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  Fruits Vegetables
es en ca
 
Turnip, Brassica rapa / Cruciferae (Brassicaceae)
Note: Composition for 100 g. of fresh product
Values in ( min. - max. ) format.
Energy: 18.00-24.58 kcal
Fats: 0.22-0.40 g
Fibres: 2.40-3.49 g

Fat Acids

Polyunsat.: 0.20-0.20 g

Minerals

Calcium: 12.00-49.40 mg
Zinc: 0.100-0.230 mg
Chlorine: 39.00-70.00 mg
Phosporus: 7.00-41.00 mg
Iron: 0.200-0.440 mg
Magnesium: 7.40-10.00 mg
Manganese: 0.068-0.100 mg
Potasium: 238.00-318.00 mg
Selenium: 1.00-3.10 µg
Sodium: 15.00-58.00 mg
Iodine: 7.50-9.50 µg
Proteins: 0.40-0.99 kcal
Carbohidrates: 3.30-4.70 g

Liposoluble Vitamins

A Retinol: 0.00-12.0020.00-72.00 µg

Liposoluble Vitamins

B1 or Thiamine: 0.040-0.50 mg
B2 or Riboflavine: 0.010-0.051 mg
B3 or Niacine: 0.40-0.90 mg
B5 or Pantothenic Acid: 0.200-0.200 mg
B6 or Piridoxine: 0.080-0.080 mg
B9 or Folic Acid: 17.00-20.00 mg
C or Ascorbic Acid: 17.00-20.00 mg
Turnip
Turnip is the root of the plant with the same name. It belongs to the same botanical genus as cabbages and it is eaten as a vegetable. The roots of the different varieties have different size, shape and colour. The ‘flesh’ is white and covered with a thin yellow or white skin, sometimes green or purple. It has a round, flat-top or cylindrical shape.
Nutrition and eating
Turnips have a scarce nutritious value. They contain very few proteins, carbohydrates and fats. For that reason it is consumed in slimming diets.

However, it is extremely rich in minerals and vitamins. It provides with a significant amount of vitamin C and folic acid. Among the minerals found in this vegetable stands out its content in potassium (238-318 mg for each 100 g of fresh produce), and in a smaller amount, calcium, phosphorus, iodine and sodium.
The fruit
Turnip (Brassica rapa var. Rapa) is the root of the plant with the same name. It belongs to the same botanical genus as cabbages and it is eaten as a vegetable. The roots of the different varieties have different size, shape and colour. The ‘flesh’ is white and covered with a thin yellow or white skin, sometimes green or purple. It has a round, flat-top or cylindrical shape.

It is chiefly cultivated for its bulbous root although the leaves are also eaten as green vegetables. This root has scarce nutritional properties, 6% of glucids and not even 1% of protein matter.

It has a discreet importance in the cooking field. However, it has a soothing role in multiple dishes and it is found in several stews, it is an important ingredient of the Spanish ‘cocido madrileño’ and "cocido canario’.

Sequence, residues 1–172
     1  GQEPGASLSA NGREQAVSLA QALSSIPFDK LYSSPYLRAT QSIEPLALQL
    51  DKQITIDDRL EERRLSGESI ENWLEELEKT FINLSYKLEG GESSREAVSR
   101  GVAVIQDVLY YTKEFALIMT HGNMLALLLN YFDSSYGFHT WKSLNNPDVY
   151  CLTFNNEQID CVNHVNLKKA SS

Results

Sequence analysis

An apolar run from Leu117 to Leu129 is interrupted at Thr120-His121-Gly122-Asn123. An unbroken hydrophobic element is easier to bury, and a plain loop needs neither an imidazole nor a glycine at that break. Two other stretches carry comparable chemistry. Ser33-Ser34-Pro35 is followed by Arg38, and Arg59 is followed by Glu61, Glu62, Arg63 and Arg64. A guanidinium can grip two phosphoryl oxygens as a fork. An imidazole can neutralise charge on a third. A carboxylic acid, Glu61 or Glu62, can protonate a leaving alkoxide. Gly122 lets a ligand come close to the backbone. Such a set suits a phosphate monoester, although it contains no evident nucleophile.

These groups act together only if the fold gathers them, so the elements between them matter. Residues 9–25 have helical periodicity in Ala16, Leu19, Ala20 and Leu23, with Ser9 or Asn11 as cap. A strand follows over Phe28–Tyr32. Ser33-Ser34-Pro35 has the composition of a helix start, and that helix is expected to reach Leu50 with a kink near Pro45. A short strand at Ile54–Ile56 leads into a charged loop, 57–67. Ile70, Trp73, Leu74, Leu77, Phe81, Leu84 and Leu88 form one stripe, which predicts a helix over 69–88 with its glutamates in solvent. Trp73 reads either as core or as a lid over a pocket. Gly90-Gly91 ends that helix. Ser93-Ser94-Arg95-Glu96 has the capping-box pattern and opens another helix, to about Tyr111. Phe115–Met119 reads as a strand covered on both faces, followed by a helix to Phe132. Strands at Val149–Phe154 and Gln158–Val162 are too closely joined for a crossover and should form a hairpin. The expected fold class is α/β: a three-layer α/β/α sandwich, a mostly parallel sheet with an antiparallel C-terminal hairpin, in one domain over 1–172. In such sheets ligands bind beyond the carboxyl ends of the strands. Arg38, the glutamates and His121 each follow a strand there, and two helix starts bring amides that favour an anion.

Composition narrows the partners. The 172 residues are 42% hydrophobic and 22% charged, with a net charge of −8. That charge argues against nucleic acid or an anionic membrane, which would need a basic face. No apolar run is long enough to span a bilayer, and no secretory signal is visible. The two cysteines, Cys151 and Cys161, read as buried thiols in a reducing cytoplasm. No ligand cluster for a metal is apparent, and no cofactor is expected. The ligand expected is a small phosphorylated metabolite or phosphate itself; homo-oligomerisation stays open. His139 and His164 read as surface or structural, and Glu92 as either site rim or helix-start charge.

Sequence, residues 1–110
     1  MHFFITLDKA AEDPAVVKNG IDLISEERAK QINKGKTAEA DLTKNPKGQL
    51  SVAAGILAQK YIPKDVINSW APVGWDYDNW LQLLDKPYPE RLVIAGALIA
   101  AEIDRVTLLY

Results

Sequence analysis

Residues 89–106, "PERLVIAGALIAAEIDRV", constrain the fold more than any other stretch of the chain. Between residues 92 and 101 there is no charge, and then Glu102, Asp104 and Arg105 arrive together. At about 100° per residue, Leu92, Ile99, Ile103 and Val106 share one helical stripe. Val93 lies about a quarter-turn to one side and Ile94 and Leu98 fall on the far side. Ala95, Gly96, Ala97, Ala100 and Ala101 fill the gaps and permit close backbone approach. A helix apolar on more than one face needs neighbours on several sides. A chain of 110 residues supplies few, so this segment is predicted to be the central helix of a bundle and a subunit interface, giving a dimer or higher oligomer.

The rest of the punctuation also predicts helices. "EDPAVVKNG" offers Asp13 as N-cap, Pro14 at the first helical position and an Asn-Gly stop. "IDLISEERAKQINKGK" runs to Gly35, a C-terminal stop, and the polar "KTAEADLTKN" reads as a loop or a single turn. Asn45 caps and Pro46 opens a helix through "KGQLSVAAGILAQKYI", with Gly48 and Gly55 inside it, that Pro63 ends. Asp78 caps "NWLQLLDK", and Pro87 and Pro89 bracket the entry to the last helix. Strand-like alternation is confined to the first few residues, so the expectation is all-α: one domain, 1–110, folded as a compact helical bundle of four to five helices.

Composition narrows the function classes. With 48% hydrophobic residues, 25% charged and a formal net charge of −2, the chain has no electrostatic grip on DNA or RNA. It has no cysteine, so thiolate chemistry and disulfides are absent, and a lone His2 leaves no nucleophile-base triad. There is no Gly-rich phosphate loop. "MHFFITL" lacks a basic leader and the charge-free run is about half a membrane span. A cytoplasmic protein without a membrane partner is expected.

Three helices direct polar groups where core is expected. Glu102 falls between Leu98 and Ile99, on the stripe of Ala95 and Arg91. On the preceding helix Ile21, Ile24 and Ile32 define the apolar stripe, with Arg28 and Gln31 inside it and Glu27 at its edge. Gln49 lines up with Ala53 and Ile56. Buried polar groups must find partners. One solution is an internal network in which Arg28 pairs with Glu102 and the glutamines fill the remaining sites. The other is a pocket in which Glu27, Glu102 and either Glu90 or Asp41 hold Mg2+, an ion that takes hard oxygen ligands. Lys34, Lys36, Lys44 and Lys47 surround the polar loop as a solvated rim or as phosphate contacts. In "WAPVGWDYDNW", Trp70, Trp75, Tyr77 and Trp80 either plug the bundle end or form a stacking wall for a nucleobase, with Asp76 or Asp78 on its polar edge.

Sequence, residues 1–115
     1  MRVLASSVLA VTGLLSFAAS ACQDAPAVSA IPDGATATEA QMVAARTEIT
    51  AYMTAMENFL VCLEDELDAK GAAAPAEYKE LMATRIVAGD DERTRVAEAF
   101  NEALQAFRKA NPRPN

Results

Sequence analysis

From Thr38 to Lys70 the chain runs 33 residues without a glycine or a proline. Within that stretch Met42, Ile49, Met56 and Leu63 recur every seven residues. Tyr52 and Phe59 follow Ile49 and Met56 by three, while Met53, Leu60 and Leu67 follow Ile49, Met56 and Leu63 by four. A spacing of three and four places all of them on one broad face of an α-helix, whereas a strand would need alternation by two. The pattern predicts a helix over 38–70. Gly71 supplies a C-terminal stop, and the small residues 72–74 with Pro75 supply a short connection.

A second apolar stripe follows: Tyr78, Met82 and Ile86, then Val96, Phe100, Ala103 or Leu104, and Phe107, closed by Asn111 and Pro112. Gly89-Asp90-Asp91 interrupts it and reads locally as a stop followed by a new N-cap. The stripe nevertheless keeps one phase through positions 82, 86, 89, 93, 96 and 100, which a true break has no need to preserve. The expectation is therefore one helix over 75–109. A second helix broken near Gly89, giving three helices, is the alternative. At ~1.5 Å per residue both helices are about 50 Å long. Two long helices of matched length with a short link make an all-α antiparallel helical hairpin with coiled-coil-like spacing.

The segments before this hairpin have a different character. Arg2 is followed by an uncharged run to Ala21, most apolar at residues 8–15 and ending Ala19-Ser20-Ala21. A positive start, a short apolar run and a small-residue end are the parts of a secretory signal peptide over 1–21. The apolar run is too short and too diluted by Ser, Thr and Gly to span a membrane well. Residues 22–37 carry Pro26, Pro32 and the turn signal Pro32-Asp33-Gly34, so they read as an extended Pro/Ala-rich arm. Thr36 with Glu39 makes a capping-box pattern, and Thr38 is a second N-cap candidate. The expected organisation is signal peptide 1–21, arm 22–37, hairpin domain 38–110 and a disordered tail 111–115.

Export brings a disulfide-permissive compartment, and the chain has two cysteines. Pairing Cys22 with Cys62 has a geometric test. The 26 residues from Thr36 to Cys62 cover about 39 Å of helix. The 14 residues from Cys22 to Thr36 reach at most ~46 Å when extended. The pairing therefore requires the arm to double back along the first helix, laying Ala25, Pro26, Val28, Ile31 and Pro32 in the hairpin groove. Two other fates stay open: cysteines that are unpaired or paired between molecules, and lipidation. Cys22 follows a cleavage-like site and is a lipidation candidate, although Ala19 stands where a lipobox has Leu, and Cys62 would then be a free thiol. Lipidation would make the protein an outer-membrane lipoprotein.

Its consumption has suffered a significant decrease in the European countries, where long ago, and along with cabbage, it was the most popular vegetable of the Nordic and Central European countries; it has been replaced by the potato.

Turnips have a low caloric content, only 18-24 kcal for each 100 g of edible produce.

Once at home, they are kept in the fridge, in perforated bags, for 1-3 weeks. The storage lengthens if they are frozen, although previous to that it is recommended to scald them for 2 minutes, already cooked or in purée.

From the turnip’s pressed seeds we obtain an edible oil that is used for cooking in Europe and India. Turnips are traded dehydrated, by means of water elimination of the roots in fresh condition, previously cut up in dices.
The plant
The turnip plant belongs to the Cruciferae family and its scientific name is Brassica napus L. It is an erect, biennial plant, with cleaved leaves of scalloped edges. The flower stem is even and the flowers are of a yellow colour. The pollination is allogamous. The fruition is siliquous.

The seeds are round, of dark reddish colour. The weight of one thousand seeds is 1.6 grams; the average germination capacity is around 4 years.

The root system is swollen, and there are two different types, the globulose and the elongate. The colour varies from white to red. Great part of the Spanish production of turnip for cattle fodder belongs to the variety "Nabo gallego’, whose neck resembles that of Swedish turnip although it is shorter and more conical. The leaves of the "Nabo gallego’ are used in several stews of the Galician cooking and they are known as "grelos".
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